NESTNet Internationalization: Building Connections in Denmark and Germany

In March 2019, seven members of the NSERC Energy Storage Technology (NEST) Network travelled to Central Europe to visit researchers in Denmark and Germany.  The trip was part of the NEST Network’s broader internationalization strategy – to make connections with like-minded researchers world-wide to promote the sharing of information, to grow student mobility, and to augment collaborative scientific investigations.  Following the Network’s successful Missions to the United Kingdom and the United States in 2018, the trip was designed to maximize the range and kind of international connections.  This brief blog provides a summary of the Mission; follow-up activities continue.

The Mission’s members were as follows:

Germany and Denmark both offer much of interest to NEST Network researchers.

Picture of NEST delegates and colleagues at Karlsruhe Institute of Technology

NEST Network delegates and colleagues from the Karlsruhe Institute of Technology

Germany’s prominence in energy initiatives and activities is well-known – it hosted, for instance, the first International Conference for Renewable Energies in 2004, and the Energiewende (the energy transition) has influenced energy policy both within the country and beyond.  Germany has also been a leader in energy research.  A review of publications on SCOPUS since 2010 reveals that Germany ranks third globally (behind China and the United States) in terms of number of publications.[1]  And the country looks set to continue its activity in this area, with a number of energy-focused centres in Germany’s Excellence Strategy.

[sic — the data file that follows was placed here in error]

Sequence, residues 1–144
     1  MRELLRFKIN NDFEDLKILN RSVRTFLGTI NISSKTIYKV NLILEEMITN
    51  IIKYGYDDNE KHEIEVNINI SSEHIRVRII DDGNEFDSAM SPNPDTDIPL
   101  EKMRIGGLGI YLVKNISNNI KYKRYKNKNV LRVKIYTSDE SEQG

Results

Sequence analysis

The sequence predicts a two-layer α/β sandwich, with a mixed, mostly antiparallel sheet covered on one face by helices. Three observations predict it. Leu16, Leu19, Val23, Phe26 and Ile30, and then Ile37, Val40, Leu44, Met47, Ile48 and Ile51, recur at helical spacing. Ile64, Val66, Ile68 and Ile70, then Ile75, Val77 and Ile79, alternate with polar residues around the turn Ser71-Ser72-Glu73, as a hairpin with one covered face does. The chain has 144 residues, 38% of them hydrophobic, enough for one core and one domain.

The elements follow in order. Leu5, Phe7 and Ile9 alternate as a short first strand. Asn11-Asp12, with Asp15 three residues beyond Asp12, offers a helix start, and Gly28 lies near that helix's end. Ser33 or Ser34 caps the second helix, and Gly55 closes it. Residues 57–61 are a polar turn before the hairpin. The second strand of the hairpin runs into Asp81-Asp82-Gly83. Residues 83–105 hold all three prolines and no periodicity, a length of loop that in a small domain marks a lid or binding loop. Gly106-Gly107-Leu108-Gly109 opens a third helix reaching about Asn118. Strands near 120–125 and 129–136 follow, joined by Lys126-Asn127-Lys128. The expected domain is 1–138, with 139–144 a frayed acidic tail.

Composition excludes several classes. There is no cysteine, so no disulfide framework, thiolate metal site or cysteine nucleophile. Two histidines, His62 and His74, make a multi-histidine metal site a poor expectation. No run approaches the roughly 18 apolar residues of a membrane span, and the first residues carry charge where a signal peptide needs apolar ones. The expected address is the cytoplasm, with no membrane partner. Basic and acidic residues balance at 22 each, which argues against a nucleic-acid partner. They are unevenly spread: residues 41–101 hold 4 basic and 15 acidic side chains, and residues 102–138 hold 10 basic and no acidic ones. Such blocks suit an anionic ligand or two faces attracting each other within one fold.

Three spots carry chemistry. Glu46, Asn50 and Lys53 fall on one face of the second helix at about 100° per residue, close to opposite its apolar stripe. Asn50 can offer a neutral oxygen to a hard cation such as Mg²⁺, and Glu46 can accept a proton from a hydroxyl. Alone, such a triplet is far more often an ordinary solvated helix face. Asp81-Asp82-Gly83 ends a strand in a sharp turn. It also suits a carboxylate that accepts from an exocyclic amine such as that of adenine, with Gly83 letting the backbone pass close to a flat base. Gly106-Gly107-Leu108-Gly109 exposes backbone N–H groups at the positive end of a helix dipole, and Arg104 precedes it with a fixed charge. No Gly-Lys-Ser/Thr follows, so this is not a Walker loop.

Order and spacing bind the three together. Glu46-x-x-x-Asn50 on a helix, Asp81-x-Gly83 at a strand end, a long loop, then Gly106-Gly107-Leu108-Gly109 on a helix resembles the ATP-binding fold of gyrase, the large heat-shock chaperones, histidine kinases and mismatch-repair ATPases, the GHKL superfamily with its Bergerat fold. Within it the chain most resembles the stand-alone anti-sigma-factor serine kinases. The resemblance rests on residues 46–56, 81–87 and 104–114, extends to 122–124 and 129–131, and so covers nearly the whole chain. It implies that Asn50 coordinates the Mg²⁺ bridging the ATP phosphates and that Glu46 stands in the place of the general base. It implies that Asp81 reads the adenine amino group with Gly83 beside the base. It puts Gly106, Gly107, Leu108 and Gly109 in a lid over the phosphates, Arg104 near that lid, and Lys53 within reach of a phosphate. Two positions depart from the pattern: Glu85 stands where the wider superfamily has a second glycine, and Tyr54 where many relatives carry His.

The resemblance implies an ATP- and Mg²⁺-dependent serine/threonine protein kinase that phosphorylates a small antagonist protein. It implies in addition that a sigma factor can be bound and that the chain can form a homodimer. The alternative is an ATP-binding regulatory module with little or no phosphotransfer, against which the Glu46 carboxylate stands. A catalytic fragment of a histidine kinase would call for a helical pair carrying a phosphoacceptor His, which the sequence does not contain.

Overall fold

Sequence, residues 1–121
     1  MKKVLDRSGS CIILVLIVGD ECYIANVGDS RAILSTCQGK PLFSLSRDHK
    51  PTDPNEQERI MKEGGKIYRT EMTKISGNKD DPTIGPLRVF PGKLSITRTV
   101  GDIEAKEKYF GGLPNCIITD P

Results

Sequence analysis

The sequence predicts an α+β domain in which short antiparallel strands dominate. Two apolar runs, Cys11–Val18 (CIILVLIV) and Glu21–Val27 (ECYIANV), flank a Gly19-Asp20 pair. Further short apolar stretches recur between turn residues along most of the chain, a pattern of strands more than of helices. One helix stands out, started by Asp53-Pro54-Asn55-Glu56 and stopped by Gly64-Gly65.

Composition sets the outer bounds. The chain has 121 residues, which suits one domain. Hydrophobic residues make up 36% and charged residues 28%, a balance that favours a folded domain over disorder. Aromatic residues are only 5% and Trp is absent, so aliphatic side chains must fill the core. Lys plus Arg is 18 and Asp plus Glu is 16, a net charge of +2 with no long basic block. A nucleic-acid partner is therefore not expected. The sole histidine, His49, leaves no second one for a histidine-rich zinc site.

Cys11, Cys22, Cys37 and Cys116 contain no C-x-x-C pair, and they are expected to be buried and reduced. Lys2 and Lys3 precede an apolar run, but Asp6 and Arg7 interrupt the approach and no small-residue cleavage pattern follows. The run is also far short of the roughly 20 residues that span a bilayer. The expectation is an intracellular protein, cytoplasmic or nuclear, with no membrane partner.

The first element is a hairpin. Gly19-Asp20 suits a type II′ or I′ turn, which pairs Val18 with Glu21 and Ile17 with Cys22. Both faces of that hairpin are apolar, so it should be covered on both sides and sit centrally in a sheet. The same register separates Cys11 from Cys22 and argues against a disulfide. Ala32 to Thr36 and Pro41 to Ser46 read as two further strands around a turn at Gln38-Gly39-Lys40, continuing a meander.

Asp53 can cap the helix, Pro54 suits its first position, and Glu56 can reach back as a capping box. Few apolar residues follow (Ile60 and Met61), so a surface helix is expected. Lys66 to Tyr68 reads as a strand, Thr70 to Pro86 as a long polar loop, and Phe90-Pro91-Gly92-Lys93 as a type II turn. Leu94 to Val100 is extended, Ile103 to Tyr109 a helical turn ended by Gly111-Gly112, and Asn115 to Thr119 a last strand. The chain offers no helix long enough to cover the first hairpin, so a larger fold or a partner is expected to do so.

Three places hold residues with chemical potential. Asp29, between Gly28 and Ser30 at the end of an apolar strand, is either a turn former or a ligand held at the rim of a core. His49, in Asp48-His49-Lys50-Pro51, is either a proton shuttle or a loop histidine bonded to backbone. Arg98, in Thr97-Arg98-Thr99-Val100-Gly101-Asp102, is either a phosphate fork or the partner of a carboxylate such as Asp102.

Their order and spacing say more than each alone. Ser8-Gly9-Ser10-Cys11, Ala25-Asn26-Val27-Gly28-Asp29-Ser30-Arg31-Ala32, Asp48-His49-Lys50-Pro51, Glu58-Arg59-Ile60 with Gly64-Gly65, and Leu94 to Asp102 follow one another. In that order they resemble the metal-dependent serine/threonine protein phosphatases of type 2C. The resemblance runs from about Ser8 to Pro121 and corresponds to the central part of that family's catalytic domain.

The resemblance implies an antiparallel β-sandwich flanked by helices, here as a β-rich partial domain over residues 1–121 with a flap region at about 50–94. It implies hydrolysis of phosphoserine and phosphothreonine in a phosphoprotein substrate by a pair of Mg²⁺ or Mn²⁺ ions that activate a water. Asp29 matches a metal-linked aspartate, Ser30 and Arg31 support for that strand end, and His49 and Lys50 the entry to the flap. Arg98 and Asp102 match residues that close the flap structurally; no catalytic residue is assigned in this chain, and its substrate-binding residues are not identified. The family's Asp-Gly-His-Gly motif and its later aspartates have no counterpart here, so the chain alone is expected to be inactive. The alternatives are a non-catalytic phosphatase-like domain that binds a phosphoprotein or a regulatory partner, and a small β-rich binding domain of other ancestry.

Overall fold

While smaller in size, Denmark, too, has a history of energy innovation and a depth of energy research.  With respect to the former, Denmark’s policy support of renewable energy dates back more than 40 years, and the country was one of the global leaders in the use of feed-in tariffs; Denmark is also home to the world’s largest wind turbine manufacturer (Vestas).  And with respect to the latter, Denmark hosts some of the world’s top universities, and its Government has identified, in its recent document entitled ‘Research 2025: Promising Future Research Areas’, green growth as a priority; within that, ‘an efficient, intelligent and integrated energy system’ is listed first. 

Picture of NEST delegates at Roskilde Campus, Denmark

NEST Network delegates at the Roskilde Campus, Technical University of Denmark

With five distinct destinations in five days, the Mission covered a lot of territory, as well as a lot of different kinds of institutions.  Three world-class universities hosted us at different times during the week, and the potential for collaboration with members of each became clear during the course of the respective day-long visits. 

Picture of NEST delegates at Ulm University

NEST Network delegates had the opportunity to tour facilities at Ulm University

In addition to universities, the delegates had the opportunity to visit other kinds of institutions:  one an organization for applied research, the other a multi-client and multi-purpose urban space.

Implementation of the Network’s broader internationalization strategy also continues.  A full update will be provided at the 2019 NESTNet Week in June.

[1] Search terms: ‘storage and energy’.  Total number of articles:  133,302.  Number from Germany:  8,488.  Of these, KIT was the top affiliation (467).  (Search conducted on 31 March 2019.)